Figure 6.27 The Tandem Photosystems of Cyanobacteria and Chloroplasts Radiant energy captured by photosynthetic pigments excites the reaction-center chlorophyll, causing it to emit a high-energy electron, which is then passed to an electron transport chain. In cyclic photophosphorylation, electrons emitted by photosystem I are returned to that photosystem; the path of the electrons is shown in green arrows. In non-cyclic photophosphorylation, the electrons used to replenish photosystem I are donated by radiant energy-excited photosystem II; the path of these electrons is shown in orange arrows. In turn, photosystem II replenishes its own electrons by stripping them from water, producing O2.
energy by the two photosystems allows the process to raise the energy level of electrons stripped from water high enough to be used to generate a proton motive force and produce reducing power.
First we will consider the simplest situation, which occurs when the cell needs to synthesize ATP but not reducing power (NADPH). To accomplish this, only photosystem I is used. Radiant energy is absorbed by this photosystem, exciting the reaction-center chlorophylls, which causes them to emit high-energy electrons. The electrons are then passed to an electron carrier, which transports them to a proton pump; this pump is analogous to complex III in the respiratory chain of mitochondria. After being used to pump protons across the membrane, thus generating a proton motive force, the electrons are returned to photosystem I. As occurs in oxidative phosphorylation, ATP synthase harvests the energy of the proton motive force to synthesize ATP. This overall process is called cyclic photophosphorylation because the molecule that serves as the electron donor, reaction-center chlorophyll, also serves as the terminal electron acceptor; the electrons have followed a cyclical path.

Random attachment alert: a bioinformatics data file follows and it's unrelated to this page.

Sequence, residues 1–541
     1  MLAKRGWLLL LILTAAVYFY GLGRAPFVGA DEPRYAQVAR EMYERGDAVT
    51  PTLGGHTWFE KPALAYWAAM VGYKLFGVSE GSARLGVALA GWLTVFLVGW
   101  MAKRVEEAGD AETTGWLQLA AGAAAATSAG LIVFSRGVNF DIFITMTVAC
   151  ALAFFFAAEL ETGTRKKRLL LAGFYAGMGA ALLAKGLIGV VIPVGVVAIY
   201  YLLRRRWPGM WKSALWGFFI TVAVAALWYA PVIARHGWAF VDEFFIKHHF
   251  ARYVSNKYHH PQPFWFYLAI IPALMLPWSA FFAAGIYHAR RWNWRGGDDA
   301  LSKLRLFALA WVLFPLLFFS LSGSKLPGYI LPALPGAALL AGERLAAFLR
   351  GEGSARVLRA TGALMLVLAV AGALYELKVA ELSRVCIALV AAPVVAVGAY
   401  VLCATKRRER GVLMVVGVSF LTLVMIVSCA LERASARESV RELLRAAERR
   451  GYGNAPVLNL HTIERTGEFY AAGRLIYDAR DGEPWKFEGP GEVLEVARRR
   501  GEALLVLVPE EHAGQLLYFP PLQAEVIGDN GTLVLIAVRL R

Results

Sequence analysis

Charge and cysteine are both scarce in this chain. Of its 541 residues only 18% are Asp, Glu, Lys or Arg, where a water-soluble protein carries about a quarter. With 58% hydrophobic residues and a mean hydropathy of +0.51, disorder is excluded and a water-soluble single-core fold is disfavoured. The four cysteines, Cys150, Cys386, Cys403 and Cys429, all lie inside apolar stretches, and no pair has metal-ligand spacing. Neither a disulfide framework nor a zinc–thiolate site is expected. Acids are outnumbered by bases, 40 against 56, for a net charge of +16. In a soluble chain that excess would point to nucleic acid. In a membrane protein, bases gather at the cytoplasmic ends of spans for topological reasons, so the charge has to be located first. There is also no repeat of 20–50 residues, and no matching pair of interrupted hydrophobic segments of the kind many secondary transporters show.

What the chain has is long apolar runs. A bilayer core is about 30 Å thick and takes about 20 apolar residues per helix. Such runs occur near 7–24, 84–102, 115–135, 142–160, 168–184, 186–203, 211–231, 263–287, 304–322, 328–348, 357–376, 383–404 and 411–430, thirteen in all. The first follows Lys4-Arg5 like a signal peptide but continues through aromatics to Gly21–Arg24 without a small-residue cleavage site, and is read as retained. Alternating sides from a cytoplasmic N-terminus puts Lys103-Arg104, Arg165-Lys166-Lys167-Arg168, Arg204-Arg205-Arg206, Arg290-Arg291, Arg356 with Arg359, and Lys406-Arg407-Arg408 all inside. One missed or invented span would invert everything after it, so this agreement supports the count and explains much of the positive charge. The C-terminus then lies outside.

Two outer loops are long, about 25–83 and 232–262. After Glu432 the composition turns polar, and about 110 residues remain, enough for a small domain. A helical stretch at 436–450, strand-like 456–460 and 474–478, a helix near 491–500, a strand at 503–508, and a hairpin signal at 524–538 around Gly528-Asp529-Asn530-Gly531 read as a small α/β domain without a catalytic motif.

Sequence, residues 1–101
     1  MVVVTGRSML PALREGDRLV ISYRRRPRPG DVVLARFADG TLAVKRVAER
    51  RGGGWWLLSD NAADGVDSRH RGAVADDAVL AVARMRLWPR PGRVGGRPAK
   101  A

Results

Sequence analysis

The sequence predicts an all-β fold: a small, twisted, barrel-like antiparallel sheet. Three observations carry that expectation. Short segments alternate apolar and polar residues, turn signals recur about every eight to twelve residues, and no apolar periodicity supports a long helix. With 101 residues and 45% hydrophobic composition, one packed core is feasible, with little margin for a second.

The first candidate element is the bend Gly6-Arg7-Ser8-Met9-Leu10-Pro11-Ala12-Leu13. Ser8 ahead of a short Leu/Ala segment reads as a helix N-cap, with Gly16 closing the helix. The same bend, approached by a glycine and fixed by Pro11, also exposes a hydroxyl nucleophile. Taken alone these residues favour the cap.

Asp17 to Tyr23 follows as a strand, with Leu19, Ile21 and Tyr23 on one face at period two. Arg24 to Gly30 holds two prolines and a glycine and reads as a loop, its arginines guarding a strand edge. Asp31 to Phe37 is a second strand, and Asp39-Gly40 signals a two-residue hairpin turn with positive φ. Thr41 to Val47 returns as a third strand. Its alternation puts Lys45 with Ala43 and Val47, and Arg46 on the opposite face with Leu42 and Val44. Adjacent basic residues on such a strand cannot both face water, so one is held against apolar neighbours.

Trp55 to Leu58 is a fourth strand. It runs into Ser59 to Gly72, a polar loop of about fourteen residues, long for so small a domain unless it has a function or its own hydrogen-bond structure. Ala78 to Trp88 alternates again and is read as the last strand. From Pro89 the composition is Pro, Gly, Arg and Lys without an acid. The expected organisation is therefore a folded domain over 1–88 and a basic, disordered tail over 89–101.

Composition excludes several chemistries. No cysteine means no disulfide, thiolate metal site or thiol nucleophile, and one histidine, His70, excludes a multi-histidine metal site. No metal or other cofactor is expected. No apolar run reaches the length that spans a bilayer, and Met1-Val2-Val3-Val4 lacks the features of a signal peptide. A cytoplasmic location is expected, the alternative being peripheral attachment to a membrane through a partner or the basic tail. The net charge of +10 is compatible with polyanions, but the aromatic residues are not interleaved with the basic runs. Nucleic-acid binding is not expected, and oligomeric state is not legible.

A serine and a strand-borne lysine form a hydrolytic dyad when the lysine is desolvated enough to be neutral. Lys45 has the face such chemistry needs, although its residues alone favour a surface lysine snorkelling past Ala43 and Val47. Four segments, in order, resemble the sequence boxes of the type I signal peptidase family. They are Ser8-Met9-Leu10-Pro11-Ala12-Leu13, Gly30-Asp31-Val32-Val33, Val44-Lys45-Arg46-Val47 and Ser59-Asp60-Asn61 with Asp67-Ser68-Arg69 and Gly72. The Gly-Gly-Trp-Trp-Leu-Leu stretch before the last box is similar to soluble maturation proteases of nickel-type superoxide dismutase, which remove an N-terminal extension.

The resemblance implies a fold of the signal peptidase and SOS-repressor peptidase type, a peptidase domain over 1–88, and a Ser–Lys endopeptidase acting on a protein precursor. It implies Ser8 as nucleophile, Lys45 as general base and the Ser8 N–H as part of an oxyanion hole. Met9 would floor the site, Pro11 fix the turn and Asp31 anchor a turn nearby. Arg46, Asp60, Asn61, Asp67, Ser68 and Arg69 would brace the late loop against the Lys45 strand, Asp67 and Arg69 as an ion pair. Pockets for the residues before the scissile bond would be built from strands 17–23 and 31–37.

When cells must produce both ATP and reducing power, non-cyclic photophosphorylation is used. In this process, the electrons emitted by photosystem I are not passed to the proton pump, but instead are donated to NADP+ to produce NADPH.
While this action provides reducing power, the cell must now replenish the electrons emitted by reaction center chlorophyll from another source. In addition, the cell must still generate a proton motive force in order to synthesize ATP. Photosystem II plays a pivotal role in this process. When photosystem II absorbs radiant energy, the reaction-center chlorophylls emit high-energy electrons that can be donated to photosystem I. First, however, the electrons are passed to the proton pump, which uses some of their energy to establish the proton motive force. In order to replenish the electrons emitted from photosystem II, an enzyme within that complex extracts the electrons from water, donating them to the reaction-center chlorophyll. Removal of electrons from two molecules of water generates O2. In essence, photosystem II strips the electrons from water molecules and captures the energy of light to raise the energy of those electrons to a high enough level that they can be used to power photophosphorylation. Photosystem I then accepts those electrons, which still retain some residual energy, and again captures the energy of light to boost the energy of the electrons to an even higher level so they can be used to reduce NADPH.
Light-Dependent Reactions in Purple and Green Bacteria
Purple and green bacteria employ only a single photosystem and are unable to use water as an electron donor for reducing power. This is why they are anoxygenic, or do not evolve O2. Molecules used as electron donors by purple and green bacteria include hydrogen gas (H2), hydrogen sulfide (H2S), and organic compounds.
Purple sulfur bacteria use a photosystem similar to the photosystem II of cyanobacteria and eukaryotes. The electrons emitted from the photosystem are passed along an electron transport chain, fueling the formation of a proton motive force, which is then harvested to synthesize ATP. However, the photosystem does not raise the electrons to a high enough energy level to reduce NAD+ (or NADP+), so the purple sulfur bacteria must use an alternative mechanism to generate reducing power. To do this they use a process called reversed electron transport, which uses ATP to run the electron transport chain in the reverse direction, or "uphill."
Green bacteria employ a photosystem similar to photosystem I. The electrons emitted from this photosystem can be used to either generate a proton motive force or reduce NAD+.
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